The payslip shows the calculation basis for the salary you have been paid. An example of a payslip can be seen below, with explanation of what some of the fields on the payslip means. You will also find an explanation of holiday pay and tax deduction for payslips in June.
- Employee number
- Tax deduction: table or percentage
- Holiday pay which will be paid to you in June
- Number codes for wage type. Wage types instructs the payroll system how each of the lines are to be treated.
- The period the payment or deduction is for
- Deduction for occupational pension scheme
- Benefit taxation of group life insurance for state employees
- Benefit taxation of mobile/broadband paid directly by employer
- Tax deduction
- Tax base
- Tax base so far this year
- Your share of contributions to the occupational pension scheme so far this year
- Trade union fees deducted so far this year
- Holiday pay earned this year, which will be paid out next year. The holiday pay next year may be lower than this amount for those over 60 years of age, due to reduction rules in the Act relating to Holidays for the 6th holiday week.
This payslip is the one you receive all months of the year except June. See an example of payslip for June below.
Overtime on payslip
Which type of overtime paid, for example 50% overtime or 100% overtime, can be read from the name. Overtime is usually paid in arrears. You can see which period the overtime is for in the column Period. In No./basis the cumulative overtime for the period which is approved and will be paid on the payment in question will be listed. In some cases you may receice overtime payments from earlier months, for example if you have received a post for correction and must submit this again for approval. This will then be paid in arrears on a later payroll run. The number is rounded in accordance with the comments in §13 of the Collective agreements. Rounding of minutes to whole or half hours is done by increasing 30 minutes or more to the nearest whole hour separately, while 29 minutes or less are lost.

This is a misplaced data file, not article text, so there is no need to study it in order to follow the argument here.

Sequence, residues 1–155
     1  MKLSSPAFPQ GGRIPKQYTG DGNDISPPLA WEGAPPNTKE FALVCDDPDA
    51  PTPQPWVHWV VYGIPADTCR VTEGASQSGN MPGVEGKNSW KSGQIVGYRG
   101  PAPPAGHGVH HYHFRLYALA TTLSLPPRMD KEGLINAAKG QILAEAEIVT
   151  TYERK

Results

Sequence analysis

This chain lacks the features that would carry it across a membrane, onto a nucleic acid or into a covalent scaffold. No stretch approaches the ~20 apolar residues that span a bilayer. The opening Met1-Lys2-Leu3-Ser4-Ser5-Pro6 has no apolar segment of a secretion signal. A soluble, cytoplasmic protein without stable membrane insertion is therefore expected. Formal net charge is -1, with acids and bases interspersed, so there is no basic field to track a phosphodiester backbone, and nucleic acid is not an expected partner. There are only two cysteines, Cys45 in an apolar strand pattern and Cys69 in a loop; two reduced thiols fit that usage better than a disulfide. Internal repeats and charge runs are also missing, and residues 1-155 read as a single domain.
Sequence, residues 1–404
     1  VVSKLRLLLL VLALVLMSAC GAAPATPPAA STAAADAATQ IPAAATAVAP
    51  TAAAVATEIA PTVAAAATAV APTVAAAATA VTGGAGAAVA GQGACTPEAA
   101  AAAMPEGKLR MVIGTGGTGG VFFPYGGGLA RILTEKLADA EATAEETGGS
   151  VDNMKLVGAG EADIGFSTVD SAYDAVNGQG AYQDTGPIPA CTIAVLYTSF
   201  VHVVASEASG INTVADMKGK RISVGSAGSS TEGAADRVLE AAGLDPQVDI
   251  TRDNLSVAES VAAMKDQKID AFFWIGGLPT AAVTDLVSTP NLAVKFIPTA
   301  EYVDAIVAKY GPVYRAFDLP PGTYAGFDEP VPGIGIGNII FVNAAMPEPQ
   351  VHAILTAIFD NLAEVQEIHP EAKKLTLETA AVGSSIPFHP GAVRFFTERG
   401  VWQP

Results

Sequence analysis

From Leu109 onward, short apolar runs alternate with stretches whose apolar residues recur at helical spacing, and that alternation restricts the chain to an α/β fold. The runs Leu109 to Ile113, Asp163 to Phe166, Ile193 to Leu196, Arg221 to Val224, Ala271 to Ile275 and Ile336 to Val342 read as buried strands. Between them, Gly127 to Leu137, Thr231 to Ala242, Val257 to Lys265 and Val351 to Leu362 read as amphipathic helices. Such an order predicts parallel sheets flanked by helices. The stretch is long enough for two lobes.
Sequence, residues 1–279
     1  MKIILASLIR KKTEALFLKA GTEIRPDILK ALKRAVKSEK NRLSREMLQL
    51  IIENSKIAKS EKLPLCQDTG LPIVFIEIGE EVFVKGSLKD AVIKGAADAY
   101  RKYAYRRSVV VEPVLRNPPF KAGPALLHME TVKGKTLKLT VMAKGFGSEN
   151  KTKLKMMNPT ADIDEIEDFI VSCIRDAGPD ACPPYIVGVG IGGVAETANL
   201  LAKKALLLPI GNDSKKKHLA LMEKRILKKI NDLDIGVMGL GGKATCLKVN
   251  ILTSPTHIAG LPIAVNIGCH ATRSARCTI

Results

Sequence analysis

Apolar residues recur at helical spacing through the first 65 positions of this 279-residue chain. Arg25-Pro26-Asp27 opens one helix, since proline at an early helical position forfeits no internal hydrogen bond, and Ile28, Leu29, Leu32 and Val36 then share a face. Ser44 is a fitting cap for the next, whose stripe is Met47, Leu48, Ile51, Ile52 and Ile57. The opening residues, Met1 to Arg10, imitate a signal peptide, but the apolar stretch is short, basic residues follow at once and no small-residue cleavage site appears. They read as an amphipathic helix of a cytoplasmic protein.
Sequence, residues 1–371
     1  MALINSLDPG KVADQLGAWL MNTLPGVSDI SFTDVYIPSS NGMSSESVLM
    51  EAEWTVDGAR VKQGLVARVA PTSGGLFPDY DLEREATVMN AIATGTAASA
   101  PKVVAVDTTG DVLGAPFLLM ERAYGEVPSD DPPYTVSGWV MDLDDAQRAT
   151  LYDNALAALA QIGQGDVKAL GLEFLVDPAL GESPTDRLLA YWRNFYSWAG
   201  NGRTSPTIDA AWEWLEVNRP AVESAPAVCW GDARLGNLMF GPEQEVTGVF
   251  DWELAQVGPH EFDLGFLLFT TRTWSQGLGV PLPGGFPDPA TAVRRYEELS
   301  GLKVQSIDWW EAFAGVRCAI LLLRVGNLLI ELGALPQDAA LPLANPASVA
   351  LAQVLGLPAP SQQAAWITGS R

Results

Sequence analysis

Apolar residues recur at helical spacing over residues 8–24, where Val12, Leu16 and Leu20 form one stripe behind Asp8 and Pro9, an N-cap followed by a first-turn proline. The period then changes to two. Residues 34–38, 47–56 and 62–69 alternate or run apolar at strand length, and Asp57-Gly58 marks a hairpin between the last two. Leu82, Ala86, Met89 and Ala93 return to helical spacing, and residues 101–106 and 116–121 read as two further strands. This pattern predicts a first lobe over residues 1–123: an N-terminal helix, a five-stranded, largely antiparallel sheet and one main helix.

The payslip for June
- Salary for June
- Earned holiday pay from the previous year. Used to pay for vacation days. Excess amount is paid out to you. Makes up 12% of earned income. For those who are 60 years or older an additional 2,3% is calculated to pay for the 6th vacation week. These 2,3% are limited to 6G.
- Number of days deducted for holiday.
- Daily rate. Explains how much you are deducted for one vacation day. This is calculated based on gross annual salary and par-time percentage in June.
- Deduction for 5 weeks of holiday.
- Earned holiday pay for the current year. Paid out next year.
Tax deductions in June
- Holiday pay is always taxable income and is included in the basis for calculating the tax for the income year.
- The tax deduction card is adjusted so that a little more tax is deducted from the regular salary payments the rest of the year, in order for there to be no deduction of tax from holiday pay when it is paid out.
- Only if the holiday pay is paid the year after the year of accrual (and under certain conditions) is no tax to be deducted.
- If the employee has only been employed part of the previous year, the monthly salary cannot be paid without deduction of tax.
- Tax will also always have to be deducted in June the year the employee starts in the agency.
Example of partial earnings:
In this example the following is part of the deduction basis:
1001 Gross salary 18.704,20
7002 Pension deduction -374,50
OF19 Leave deduction, ord. -5179,62
8320 Parat (trade union fee deduction) -224,45
= Deduction basis 12.925,00
The deduction basis is always rounded down to the nearest whole number. The same applies to the tax deduction.